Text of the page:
Decisions, decisions, decisions…
I was watching one of David Attenborough’s spectacular nature documentaries the other night and while admiring its wonderful cinematography and contemplating the gargantuan production values that went into putting it all together I suddenly felt an unexpected pang of envy and disappointment.
Envy at the ambitiously conceived, fantastically executed and well-funded nature of the project; disappointment at knowing my chances of ever being involved again in such a series are extremely slim.
It was a fleeting moment and, to be honest, not one that really upset me, but it did get me thinking about the decisions we make as freelancers and the impact they have on our careers, most being choices made with limited other options and all having unintended consequences.
I’ve said it before; I’ll say it again: the eight months I worked on Reporters At War in 2003 in London was the best gig of my career to date.
From the moment my friend and bossman at True Vision Productions, Brian Woods, following a meeting his business partner had with Discovery, told me they were looking for war ideas and asked me if there was anything in the war section of a much bigger idea I was working on (that’s yet to be made, sadly), through development, pitching and production, I’ve never been happier workwise.
I was usually first to arrive at the office in the morning and last to leave in the evening, often taking participating war correspondents’ memoirs and autobiographies to read on the tube home and in bed at night.
And I though on the back of it my career as a world renowned – yeah, right – documentary maker would go stellar.
How wrong was I?
I spent the following years developing and pitching a whole range of ideas, some big, some small, that, despite initial interest in both the UK and US, including from the major American documentary channels in New York after Reporters At War won an Emmy, all went nowhere.
Many meetings with production companies and commissioning execs were had; when needed well known faces were approached to front proposals – the likes of Dara O’Briain, Natalie Imbruglia, Joe Jackson, Kevin McCloud, John Parrott, Chuck D, John Simpson and Krishnan Guru-Murty all provisionally agreed to author programme ideas if they were made; but for a long time it was like knocking your head repeatedly and painfully of a really solid brick wall.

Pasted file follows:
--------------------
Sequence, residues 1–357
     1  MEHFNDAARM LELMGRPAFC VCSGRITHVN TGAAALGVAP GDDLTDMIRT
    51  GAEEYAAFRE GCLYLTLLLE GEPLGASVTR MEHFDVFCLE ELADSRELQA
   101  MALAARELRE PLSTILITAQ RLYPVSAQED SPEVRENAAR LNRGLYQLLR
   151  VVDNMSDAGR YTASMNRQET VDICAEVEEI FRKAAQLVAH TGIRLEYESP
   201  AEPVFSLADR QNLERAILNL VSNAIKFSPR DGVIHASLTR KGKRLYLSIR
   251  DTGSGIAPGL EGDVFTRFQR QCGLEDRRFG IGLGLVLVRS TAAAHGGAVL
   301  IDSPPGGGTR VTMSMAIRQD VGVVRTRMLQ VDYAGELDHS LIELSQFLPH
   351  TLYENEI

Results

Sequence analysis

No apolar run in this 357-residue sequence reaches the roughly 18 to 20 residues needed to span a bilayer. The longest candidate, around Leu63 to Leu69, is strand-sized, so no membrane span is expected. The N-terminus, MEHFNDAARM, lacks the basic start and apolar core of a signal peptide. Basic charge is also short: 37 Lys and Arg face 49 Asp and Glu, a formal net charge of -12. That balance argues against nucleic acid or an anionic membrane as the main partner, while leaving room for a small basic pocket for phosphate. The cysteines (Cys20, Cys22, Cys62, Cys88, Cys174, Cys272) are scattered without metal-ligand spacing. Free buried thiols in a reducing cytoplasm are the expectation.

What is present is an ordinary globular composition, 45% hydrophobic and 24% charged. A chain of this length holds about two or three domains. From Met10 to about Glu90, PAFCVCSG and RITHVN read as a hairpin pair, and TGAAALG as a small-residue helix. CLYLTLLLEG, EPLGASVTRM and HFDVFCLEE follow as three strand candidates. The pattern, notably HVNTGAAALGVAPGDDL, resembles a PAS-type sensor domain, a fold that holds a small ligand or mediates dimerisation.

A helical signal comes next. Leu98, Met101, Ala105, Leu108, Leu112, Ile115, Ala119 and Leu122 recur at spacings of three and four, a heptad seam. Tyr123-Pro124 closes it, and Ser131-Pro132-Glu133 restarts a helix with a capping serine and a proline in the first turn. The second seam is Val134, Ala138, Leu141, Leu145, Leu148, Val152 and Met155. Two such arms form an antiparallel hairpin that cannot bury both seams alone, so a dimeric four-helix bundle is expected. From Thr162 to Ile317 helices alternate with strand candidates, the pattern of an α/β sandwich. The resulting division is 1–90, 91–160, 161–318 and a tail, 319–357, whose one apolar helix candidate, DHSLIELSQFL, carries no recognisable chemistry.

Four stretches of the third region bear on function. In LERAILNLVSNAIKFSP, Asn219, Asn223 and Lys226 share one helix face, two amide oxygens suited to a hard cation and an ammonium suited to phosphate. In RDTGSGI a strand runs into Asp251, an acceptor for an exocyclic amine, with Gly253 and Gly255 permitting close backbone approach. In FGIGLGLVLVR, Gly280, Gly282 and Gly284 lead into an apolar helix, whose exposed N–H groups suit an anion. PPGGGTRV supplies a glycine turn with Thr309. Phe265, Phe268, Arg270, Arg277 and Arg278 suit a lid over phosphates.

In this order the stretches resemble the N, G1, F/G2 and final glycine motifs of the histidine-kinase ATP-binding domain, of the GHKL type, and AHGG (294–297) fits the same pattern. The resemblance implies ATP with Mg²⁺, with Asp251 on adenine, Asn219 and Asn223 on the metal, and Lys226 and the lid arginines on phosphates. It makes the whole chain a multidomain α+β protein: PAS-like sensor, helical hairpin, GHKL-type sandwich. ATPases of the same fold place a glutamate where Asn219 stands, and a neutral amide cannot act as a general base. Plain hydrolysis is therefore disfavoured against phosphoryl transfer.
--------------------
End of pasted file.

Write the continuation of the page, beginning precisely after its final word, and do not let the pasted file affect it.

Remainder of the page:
Sometimes we were simply beaten to the punch by others who’d had the same idea, just earlier.
Sometimes there was some preliminary interest that eventually petered out because of a gradual realisation that it wasn’t really their cuppa or that they couldn’t actually afford it.
Mostly we didn’t even get that far.
Eventually in 2007 I was lucky enough to get an idea commissioned for Channel 4’s first-time-director First Cut slot, a half-hour doc on the routines and rituals of sharing a bed.
This lead directly to making a Hidden Lives doc for Channel 5 for the following year on four people with uncontrollable urges to eat at night, whether awake or asleep.
I was on a small roll here, I thought; neither were ideas that totally rocked my world but if I played my cards right, maybe I could be onto something at last.
When that summer of 2008 Channel 5 then asked me to further develop two ideas I subsequently pitched to them I figured I was comfortably on the pig’s back.
And each time we met, one of the two ideas grew hugely in stature, starting out as a 1 x 120’ list show, ending up as a far more lucrative 8 x 180’ series.
I was beginning to plan in my excited wee head the purchase of an imaginary house in the south of France and maybe even a penthouse apartment off Central Park in NYC…
And then the recession happened.
In the midst of subprime foreclosures and major bank collapses, media advertising fell off a cliff and suddenly my two ideas were no more.
The email from Channel 5 talked of putting them on hold but we knew they were really dead in the water.